Bouts of heavy rain will once again visit the Southeast this week, bringing the threat of flooding and travel delays.
People in the South can expect the rain to move in on Tuesday and continue through Wednesday with the heaviest downpours occurring along the Gulf Coast and across Florida.
Those traveling along the I-10 corridor between Tallahassee and New Orleans should anticipate delays due to the rain and should allow for extra travel time to reach their destination.
Not only will heavy downpours create disruptions across the region, but so will some thunderstorms.
AccuWeather.com meteorologists believe that some of the thunderstorms that develop near the Gulf Coast will be capable of producing hail and damaging wind gusts on Tuesday and Tuesday night.
The strongest of these storms may even produce a small number of waterspouts and tornadoes.
For the latest severe weather watches and warnings, check with the AccuWeather.com Severe Weather Center.
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A few brief showers may linger over the region on Thursday, but in large, Thursday looks to be a dry day for the Southeast.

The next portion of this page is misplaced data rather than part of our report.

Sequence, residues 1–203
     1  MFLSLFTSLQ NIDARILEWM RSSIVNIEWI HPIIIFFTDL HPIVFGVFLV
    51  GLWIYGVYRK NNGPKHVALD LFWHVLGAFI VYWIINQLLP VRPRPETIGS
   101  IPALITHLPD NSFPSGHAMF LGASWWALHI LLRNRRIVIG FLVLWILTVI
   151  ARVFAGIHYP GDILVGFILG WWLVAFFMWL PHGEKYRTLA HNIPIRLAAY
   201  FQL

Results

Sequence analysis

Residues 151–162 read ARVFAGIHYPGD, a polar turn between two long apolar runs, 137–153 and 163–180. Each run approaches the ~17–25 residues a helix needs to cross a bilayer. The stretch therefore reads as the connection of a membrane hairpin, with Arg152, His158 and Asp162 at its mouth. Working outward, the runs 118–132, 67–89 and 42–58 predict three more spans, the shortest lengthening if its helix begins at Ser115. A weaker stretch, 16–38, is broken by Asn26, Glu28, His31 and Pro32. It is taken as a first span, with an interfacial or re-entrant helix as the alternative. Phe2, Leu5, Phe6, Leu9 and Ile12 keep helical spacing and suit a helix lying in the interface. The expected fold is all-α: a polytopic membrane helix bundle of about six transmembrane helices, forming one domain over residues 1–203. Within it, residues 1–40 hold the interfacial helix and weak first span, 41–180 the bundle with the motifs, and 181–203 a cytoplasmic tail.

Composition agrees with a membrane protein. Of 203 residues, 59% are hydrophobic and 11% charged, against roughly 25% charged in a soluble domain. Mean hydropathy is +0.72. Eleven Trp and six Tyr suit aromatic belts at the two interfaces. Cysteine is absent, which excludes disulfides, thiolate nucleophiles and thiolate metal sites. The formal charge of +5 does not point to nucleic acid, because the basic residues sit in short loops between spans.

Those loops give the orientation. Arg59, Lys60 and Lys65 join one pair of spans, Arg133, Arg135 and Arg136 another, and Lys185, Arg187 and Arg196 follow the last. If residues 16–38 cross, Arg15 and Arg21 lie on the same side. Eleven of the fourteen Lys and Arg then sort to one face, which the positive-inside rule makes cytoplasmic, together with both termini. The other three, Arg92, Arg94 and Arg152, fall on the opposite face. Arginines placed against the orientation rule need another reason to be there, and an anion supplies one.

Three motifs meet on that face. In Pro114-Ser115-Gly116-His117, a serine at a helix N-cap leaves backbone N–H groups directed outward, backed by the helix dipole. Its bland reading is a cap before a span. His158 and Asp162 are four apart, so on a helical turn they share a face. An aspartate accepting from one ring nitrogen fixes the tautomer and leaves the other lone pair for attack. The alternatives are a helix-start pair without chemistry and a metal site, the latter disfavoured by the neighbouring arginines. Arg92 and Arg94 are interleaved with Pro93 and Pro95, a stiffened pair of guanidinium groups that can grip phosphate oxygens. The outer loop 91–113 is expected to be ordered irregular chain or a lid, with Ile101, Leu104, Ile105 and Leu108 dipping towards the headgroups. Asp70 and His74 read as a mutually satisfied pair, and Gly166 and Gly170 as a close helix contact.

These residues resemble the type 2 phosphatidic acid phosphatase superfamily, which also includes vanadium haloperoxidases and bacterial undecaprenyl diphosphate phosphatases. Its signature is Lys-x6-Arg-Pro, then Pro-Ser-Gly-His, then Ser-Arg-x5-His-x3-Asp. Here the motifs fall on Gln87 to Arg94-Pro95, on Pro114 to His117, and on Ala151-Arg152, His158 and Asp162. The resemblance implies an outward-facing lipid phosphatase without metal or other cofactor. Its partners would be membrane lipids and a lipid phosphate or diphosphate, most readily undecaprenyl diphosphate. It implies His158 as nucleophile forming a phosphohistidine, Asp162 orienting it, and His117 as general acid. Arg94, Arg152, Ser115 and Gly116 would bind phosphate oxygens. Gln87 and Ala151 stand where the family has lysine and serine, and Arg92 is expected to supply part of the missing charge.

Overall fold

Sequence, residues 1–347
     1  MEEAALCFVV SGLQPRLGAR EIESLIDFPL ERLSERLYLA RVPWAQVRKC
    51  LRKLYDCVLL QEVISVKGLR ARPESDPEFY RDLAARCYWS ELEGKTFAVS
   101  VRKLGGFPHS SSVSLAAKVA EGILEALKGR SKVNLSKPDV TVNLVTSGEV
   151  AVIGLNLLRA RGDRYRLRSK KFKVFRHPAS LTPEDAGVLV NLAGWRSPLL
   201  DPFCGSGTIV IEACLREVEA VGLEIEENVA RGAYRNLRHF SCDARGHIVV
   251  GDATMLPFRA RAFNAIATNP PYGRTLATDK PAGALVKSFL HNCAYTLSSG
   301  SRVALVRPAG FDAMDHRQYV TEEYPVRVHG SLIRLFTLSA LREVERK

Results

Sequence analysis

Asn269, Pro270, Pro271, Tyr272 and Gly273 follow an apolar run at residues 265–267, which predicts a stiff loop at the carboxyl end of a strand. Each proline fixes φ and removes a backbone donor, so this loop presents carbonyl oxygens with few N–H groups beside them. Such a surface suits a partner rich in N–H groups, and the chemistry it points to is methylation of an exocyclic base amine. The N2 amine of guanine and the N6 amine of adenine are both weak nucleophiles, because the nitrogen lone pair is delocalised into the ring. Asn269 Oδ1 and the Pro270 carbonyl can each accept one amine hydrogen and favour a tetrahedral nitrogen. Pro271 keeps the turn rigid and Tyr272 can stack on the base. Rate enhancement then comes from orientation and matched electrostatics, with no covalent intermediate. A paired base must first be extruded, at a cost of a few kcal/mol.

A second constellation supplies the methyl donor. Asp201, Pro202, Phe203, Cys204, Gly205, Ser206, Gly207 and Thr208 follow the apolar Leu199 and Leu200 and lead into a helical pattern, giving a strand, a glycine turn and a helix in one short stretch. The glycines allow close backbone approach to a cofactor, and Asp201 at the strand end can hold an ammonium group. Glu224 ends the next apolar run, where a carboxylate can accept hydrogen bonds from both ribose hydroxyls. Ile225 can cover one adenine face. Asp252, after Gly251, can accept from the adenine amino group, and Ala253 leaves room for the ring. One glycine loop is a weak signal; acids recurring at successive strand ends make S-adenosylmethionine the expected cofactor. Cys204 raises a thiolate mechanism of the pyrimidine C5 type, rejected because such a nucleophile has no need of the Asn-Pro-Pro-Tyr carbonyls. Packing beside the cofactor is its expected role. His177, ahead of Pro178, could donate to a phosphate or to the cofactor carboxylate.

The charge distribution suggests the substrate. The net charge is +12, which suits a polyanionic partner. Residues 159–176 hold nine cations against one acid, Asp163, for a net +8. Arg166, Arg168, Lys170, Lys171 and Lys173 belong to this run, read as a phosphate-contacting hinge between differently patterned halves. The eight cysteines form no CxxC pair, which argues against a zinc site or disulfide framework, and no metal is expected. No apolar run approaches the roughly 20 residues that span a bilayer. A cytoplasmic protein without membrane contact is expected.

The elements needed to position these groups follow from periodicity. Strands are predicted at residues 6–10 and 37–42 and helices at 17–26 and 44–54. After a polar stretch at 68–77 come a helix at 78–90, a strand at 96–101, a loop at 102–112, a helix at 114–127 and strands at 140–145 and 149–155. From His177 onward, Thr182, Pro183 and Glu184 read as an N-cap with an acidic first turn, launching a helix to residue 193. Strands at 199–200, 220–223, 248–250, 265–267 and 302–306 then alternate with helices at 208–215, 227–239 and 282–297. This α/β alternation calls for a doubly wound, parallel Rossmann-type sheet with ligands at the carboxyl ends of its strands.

Anyone with outdoor plans earlier in the week may want to consider moving their plans to Thursday or Friday when the weather will be more favorable for outdoor activities.
Th dry weather is also expected to carry over into the weekend and even extend up into the Tennessee and Ohio valleys, good news for those planning on attending Saturday's Kentucky Derby.
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April has been a particularly wet month across the Southeast due to several slow-moving storms that soaked the region over the past several weeks.
This has left the ground saturated with water, meaning that it does not take as much rain to cause flooding issues as it normally would.
Mobile, Alabama, has been one of the wettest cities in the entire country this month from the series of storms, recording over 13 inches of rain.
This is nearly three times higher than their normal rainfall for the month of 4.79 inches.
According to the National Weather Service, there are still dozens of river gauges across the Southeast that are in either minor flood stage or near flood stage.
These numbers will likely rise through the middle of the week as the rain causes rivers and streams to rise and fill their banks.
Those that live along the immediate banks of rivers and streams should take action now to protect their property before any flooding occurs.